Release Date: Feb 2, 2013
Record label: Self-released
Genre(s): Pop/Rock, Alternative/Indie Rock, Alternative Pop/Rock, Indie Pop, Dream Pop, Noise Pop, Shoegaze
Kevin Shields never needed to follow up Loveless. My Bloody Valentine’s critically acclaimed sophomore album thwarted critics, artists, and fans alike in November 1991, and decades later that hasn’t changed. The album — from its glossy, candy-coated artwork to the 11 tracks that span 48:36 — floats in a timeless vacuum, similar to Arthur C. Clarke’s interstellar monolith in 2001: A Space Odyssey.
In one sense, the arrival of My Bloody Valentine's m b v was – to use a word no one had heard of the last time the quartet released an album – an omnishambles. A follow-up to 1991's Loveless was supposed to appear at the end of last year; instead, nothing happened bar an announcement that the album was complete. Nine days ago, in response to a fan's shouted query at a gig, Kevin Shields muttered noncommittally that it "might be out in two or three days".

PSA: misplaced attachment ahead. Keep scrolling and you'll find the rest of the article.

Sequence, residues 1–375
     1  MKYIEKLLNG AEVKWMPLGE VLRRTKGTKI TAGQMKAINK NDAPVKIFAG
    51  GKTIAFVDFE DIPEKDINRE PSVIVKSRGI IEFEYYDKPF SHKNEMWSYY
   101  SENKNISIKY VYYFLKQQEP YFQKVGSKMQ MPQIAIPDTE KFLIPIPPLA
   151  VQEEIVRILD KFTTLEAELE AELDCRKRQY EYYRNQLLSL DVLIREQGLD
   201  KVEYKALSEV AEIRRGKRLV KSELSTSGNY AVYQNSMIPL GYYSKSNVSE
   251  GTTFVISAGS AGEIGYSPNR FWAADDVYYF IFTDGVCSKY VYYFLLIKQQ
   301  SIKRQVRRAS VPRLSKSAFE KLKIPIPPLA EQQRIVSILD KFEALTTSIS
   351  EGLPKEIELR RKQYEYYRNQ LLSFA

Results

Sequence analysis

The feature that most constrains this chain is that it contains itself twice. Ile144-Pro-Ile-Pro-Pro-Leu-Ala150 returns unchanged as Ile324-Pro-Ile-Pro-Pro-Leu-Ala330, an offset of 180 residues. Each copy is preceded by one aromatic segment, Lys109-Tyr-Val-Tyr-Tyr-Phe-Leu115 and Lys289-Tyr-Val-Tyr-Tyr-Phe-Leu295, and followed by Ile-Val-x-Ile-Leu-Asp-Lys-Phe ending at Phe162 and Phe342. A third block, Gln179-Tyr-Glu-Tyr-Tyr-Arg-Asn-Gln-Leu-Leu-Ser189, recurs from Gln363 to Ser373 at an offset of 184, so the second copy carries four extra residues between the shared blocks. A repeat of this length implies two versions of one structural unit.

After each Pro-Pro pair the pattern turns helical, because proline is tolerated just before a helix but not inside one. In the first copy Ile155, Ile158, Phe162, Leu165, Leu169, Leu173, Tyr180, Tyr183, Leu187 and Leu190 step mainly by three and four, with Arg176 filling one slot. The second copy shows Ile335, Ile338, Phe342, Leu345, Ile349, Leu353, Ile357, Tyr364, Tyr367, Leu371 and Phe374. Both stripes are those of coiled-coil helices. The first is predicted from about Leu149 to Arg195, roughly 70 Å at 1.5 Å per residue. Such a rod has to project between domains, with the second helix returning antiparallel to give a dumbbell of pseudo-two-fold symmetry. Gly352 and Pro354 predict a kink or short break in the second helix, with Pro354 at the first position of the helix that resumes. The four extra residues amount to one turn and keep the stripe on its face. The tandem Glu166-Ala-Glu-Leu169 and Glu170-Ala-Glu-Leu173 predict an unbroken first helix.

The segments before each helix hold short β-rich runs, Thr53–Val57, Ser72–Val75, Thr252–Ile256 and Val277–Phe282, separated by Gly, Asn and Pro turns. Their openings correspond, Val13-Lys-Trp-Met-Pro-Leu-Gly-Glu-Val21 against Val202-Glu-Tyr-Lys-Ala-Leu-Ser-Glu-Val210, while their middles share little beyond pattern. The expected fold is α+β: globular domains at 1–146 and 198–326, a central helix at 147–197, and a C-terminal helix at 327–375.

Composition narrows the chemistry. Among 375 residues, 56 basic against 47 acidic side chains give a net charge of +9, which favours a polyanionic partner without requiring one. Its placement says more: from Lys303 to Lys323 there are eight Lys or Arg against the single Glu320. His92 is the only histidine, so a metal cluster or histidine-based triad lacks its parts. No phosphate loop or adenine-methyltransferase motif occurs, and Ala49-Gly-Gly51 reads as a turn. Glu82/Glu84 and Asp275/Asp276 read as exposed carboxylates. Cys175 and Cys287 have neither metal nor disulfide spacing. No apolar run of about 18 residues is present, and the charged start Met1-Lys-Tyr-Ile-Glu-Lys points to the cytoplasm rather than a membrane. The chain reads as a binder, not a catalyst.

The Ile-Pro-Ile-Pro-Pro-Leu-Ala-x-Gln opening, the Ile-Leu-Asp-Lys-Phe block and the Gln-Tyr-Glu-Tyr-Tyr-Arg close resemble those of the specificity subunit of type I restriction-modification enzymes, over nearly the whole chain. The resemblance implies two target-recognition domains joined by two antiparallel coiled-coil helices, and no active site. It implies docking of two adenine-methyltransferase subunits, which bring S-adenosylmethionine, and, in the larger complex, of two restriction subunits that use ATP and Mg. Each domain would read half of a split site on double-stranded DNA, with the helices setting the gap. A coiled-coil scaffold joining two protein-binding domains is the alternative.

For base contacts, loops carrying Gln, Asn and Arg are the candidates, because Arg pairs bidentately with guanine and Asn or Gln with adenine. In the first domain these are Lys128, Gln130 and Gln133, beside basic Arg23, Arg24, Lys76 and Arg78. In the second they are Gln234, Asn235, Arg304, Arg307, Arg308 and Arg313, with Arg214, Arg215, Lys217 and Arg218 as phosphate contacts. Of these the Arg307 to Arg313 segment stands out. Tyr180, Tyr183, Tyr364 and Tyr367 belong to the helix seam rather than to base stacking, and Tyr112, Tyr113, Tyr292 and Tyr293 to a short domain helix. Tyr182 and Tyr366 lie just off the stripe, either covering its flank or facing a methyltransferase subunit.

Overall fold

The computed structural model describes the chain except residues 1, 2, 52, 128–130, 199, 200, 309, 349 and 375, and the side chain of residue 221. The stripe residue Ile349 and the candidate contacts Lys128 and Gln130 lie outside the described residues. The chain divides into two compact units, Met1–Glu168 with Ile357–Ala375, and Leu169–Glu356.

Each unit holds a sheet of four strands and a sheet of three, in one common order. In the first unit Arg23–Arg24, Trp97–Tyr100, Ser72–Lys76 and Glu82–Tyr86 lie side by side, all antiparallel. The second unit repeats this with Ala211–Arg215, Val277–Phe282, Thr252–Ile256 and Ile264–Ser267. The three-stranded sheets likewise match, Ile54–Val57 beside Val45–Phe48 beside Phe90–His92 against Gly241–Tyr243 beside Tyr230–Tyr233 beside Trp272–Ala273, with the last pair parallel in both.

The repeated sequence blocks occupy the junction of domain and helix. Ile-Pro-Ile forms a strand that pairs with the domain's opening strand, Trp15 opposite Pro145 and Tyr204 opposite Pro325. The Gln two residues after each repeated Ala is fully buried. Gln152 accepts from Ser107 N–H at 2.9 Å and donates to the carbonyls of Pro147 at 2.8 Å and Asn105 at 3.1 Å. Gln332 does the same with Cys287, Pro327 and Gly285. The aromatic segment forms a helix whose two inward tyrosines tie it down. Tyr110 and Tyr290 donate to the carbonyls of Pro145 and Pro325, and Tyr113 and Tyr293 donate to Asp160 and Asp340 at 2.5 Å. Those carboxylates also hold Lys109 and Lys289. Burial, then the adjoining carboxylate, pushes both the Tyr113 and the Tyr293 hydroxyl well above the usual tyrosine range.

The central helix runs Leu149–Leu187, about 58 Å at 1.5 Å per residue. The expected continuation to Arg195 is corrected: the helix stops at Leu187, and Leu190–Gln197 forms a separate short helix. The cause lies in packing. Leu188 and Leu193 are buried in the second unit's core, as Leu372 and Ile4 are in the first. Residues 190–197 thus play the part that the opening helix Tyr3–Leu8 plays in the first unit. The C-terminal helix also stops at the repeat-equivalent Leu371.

Did My Bloody Valentine really need to make another album, 22 years after their guitar-monster classic Loveless? Kevin Shields has been working on the follow-up five years longer than James Joyce spent writing Finnegans Wake. Yet nobody was really prepared for him to go ahead and drop MBV. And what a glorious roar it is: Shields brings the cosmic guitar noise, full of late-night yearnings for excess and obliteration, while singer-guitarist Bilinda Butcher adds her breathy vocals.
When Radiohead put out The King of Limbs online with just five days' notice, Al Horner wrote an excellent blog post on how the immediacy of the release spelled impending doom for music journalism. Now, with m b v, My Bloody Valentine may have perfected the art of the unreviewable album..